Fluid power trends

The particular challenges of smaller hydraulic systems


Microdieseling occurs due to an implosion of entrained air bubbles that cause localized temperatures to spike - some as high as 1,800 degrees F. This high temperature actually cracks the oil, generating auto-oxidation and creating varnish.

Additive System Game Plan

Recently, a third strategy has been developed that can now be incorporated into maintenance professionals’ preventive programs. An additive system has been developed that actually keeps varnish from forming on metal components of hydraulic systems.

Fully-formulated anti-wear additive systems, such as Schaeffer Manufacturing’s VarniShield, combine carefully-selected additives to prevent the formation of varnish. Much like the additives in engine oil prevent the formation of sludge, these anti-varnish additive systems disperse and suspend varnish precursors and varnish as they are formed, thereby allowing the correctly sized filter to remove these deposits.

With any additives, the treated fluid should be closely monitored for oxidation during service life. Tests such as TAN (Total Acid Number), Varnish Potential, RULER (Remaining Useful Life Evaluation Routine) method or the FTIR (Fourier Transform Infrared spectroscopy) method will indicate the health of the hydraulic system. These test results need to be trended over time, as a snapshot or a single sample does not give the true picture of the system’s health.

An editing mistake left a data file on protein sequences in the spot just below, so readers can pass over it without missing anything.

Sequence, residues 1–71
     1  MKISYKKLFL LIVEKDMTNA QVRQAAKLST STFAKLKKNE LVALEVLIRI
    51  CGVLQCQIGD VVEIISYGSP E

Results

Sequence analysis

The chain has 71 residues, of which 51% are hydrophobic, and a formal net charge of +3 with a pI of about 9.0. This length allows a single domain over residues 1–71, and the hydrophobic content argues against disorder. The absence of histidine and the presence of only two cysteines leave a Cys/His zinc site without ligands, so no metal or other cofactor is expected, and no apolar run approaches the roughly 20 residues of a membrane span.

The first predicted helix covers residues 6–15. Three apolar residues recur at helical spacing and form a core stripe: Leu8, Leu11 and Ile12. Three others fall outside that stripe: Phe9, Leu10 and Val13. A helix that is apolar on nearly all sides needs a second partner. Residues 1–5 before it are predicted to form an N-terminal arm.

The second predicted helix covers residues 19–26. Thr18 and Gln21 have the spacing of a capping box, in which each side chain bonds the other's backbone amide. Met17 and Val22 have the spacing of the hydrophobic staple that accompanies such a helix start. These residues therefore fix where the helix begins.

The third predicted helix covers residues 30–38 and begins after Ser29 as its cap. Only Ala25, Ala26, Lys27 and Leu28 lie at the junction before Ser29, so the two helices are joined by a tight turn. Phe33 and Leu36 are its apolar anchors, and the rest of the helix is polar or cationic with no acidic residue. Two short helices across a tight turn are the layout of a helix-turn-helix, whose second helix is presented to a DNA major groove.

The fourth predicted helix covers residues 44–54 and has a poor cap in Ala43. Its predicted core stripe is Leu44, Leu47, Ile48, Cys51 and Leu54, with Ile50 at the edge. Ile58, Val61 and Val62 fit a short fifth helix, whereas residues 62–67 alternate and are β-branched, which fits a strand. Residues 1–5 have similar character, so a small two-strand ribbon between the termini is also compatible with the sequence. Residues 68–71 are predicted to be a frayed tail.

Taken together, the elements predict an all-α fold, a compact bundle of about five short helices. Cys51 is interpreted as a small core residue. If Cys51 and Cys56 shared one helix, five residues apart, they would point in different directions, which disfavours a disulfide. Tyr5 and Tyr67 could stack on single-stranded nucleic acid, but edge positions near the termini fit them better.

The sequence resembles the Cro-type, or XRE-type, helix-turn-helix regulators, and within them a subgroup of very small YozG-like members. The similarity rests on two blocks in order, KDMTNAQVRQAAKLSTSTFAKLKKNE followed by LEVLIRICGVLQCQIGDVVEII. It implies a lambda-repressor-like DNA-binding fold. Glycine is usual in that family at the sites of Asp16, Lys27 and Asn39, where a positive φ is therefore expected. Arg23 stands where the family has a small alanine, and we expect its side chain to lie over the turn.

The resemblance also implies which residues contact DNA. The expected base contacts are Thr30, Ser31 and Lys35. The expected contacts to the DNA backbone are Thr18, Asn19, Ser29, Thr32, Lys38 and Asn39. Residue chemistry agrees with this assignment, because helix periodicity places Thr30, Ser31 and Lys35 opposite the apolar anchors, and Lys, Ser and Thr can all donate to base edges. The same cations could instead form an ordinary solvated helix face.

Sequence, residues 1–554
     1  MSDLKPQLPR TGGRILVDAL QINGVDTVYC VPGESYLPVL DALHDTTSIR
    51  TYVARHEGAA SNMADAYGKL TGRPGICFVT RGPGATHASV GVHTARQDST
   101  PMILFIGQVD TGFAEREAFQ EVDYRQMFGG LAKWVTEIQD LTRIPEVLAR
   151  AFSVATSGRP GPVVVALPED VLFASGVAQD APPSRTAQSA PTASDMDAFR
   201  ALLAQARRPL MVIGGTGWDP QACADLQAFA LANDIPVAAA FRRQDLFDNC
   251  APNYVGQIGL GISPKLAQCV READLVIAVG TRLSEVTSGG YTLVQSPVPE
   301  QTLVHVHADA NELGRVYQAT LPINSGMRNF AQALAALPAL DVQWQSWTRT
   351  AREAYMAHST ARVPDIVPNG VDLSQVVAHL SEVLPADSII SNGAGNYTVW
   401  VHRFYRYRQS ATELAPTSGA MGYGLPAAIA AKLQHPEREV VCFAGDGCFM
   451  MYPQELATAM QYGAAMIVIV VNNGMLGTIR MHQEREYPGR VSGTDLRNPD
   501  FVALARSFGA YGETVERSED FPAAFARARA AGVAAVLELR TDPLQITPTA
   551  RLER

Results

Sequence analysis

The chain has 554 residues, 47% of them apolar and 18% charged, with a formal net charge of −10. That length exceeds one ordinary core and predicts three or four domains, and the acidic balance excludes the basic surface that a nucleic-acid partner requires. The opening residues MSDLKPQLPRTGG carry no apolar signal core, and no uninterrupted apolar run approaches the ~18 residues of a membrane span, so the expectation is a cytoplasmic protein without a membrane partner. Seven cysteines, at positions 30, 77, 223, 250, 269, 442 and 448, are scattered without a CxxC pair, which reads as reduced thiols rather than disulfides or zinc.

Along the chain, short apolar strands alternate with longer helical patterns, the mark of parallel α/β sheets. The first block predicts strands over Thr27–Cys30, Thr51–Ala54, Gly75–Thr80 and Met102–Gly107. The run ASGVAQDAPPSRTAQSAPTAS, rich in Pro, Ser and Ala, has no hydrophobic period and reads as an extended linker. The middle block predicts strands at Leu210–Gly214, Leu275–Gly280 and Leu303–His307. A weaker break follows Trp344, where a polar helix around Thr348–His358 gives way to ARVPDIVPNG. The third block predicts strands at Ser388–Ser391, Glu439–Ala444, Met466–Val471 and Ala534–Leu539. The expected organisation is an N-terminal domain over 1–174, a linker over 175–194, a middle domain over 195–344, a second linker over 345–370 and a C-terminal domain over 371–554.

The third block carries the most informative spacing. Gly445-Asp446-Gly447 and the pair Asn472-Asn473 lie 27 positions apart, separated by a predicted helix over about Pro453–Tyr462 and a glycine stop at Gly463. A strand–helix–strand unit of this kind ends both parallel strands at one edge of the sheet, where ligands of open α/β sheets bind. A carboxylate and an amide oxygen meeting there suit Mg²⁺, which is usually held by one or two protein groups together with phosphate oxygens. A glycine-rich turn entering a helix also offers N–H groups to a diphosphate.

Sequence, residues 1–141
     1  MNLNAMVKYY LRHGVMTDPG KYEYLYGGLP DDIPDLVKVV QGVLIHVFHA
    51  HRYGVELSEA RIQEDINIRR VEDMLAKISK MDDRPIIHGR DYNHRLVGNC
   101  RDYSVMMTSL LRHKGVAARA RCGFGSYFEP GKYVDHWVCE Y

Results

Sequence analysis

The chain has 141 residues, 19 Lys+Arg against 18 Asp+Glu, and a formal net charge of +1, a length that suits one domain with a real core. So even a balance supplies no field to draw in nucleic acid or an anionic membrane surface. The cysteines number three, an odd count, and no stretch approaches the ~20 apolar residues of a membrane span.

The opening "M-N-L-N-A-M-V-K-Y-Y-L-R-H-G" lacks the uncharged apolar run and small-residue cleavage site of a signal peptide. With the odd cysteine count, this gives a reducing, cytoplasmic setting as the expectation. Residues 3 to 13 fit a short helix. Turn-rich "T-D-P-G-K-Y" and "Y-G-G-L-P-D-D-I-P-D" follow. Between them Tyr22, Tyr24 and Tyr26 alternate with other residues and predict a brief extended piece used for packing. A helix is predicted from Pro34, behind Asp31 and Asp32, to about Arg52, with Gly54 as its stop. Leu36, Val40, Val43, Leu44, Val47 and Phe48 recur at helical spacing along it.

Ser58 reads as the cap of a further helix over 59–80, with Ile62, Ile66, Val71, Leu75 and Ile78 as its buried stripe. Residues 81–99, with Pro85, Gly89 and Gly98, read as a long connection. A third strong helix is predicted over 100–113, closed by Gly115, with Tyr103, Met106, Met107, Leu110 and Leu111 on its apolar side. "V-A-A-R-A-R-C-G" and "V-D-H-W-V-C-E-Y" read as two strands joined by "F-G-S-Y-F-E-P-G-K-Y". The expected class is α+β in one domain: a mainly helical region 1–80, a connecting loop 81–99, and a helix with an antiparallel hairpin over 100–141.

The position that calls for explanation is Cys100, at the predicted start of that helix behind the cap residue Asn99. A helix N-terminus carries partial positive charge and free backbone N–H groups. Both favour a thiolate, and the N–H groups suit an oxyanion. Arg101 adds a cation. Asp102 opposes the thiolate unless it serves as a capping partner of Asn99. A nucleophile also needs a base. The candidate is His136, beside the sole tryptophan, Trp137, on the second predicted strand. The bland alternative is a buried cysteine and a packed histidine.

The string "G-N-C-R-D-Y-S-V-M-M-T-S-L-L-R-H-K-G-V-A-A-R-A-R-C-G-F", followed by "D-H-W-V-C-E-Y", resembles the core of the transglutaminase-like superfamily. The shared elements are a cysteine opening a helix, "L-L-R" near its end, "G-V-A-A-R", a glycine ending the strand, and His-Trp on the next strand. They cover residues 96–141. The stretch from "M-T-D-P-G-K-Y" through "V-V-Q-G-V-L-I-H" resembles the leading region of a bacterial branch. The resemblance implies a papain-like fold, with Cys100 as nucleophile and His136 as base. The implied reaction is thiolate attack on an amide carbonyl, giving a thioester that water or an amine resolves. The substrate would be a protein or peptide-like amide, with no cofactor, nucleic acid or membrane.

Big or small, any hydraulic system can fall victim to varnish formation. Knowing how to evaluate the symptoms is key to identifying varnish development.

The best defense, however, is preventing varnish from forming in the first place.

Jim Carroll is vice president of technical services for Schaeffer Manufacturing (www.schaefferoil.com). Based in St. Louis, MO, it specializes in developing quality lubricants, fuel additives and chemicals for vehicles used in the mining, construction, trucking, marine and farming industries, as well as specialized lubricants and metalworking fluids for all types of machinery and equipment. Carroll holds a Certified Lubrication Specialist (CLS) from the Society of Tribologists and Lubrication Engineers (STLE) and is a retired Colonel in the U. S. Army Reserve with three deployments to the Middle East, all dealing with heavy equipment maintenance.

We Recommend